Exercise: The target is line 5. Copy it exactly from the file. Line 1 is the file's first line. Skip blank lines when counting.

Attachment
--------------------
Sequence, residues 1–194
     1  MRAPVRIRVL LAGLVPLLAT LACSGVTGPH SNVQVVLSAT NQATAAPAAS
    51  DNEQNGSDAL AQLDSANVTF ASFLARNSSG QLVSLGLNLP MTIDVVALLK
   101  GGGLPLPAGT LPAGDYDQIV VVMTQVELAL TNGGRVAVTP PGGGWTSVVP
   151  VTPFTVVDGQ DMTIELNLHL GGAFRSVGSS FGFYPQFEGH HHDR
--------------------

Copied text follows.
   151  VTPFTVVDGQ DMTIELNLHL GGAFRSVGSS FGFYPQFEGH HHDR